South Africa's rand recovered on Friday from a sharp fall a day earlier as emerging assets found some relief thanks to ebbing appetite for the dollar - though traders said the rebound could be short-lived.

Stocks looked set to open 307 points weaker, following falls in Asia after commodity prices tumbled to multi-year lows on worries that slower global growth may worsen a supply glut.

Government bonds were also weaker, with the benchmark paper due in 2026 adding 1 basis point to 8.605 percent.

At 0645 GMT the rand edged 0.21 percent firmer 14.2855, reversing a more than one percent slide to a new record low of 14.3860 in the previous session triggered by jitters over the U.S. rate hike as well poor domestic mining data.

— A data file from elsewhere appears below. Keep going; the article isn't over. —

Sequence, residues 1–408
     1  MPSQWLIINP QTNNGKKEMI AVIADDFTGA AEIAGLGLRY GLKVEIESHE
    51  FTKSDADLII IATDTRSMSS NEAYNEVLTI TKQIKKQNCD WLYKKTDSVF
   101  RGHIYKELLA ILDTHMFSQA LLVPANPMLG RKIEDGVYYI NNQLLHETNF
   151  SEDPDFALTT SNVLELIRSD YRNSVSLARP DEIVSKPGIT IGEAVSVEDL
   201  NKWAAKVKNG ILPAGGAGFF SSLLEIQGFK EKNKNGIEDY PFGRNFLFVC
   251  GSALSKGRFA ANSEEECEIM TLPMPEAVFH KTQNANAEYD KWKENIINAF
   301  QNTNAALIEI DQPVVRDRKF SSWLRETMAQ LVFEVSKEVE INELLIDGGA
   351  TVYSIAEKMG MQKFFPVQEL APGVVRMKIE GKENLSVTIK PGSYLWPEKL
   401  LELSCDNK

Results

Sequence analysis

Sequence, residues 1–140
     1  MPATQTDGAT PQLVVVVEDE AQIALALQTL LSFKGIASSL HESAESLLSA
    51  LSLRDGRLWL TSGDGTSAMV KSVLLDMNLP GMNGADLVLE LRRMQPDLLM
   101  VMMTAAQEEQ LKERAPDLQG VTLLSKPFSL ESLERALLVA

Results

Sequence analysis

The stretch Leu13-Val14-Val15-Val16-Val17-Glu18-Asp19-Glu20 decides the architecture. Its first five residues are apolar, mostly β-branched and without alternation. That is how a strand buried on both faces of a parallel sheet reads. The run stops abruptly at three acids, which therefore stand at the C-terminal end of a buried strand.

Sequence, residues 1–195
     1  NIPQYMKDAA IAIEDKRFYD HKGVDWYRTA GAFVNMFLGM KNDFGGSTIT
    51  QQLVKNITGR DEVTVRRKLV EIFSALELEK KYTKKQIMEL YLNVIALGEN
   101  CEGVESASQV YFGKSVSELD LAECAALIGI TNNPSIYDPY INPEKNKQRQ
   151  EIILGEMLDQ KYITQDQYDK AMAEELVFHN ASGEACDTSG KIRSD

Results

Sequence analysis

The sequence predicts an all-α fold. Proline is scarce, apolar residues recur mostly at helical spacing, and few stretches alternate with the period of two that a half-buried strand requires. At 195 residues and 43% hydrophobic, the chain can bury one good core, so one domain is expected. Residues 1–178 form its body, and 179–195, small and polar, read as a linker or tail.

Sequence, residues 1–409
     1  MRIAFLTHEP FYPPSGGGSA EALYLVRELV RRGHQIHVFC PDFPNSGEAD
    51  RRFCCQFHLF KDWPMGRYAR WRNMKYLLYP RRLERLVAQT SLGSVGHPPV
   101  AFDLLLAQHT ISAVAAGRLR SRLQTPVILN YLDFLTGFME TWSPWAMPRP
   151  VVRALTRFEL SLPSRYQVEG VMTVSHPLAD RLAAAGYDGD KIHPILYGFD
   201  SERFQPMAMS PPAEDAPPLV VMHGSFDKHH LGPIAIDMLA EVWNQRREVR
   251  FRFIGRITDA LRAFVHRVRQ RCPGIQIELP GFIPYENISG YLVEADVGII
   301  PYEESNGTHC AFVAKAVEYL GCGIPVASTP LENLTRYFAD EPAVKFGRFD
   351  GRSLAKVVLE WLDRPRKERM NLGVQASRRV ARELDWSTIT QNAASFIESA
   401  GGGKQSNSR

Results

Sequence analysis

Traders, however, expect the unit's recovery to be short-lived with dollar strength set to resume after Federal Reserve officials lined backed a likely December interest rate hike on Thursday.

"The new threat to the rand is the renewed commodity slump," currency trader at Rand Merchant BankJohnCairns said.

"Simply put, this is not a time when most investors would be looking to increase exposure to high-risk, commodity-linked assets and currencies," Cairns said.

Total mining production fell by 4.8 percent in September, adding pressure on a South African economy already reeling from severe drought, which is expected to further diminish growth and stoke inflation.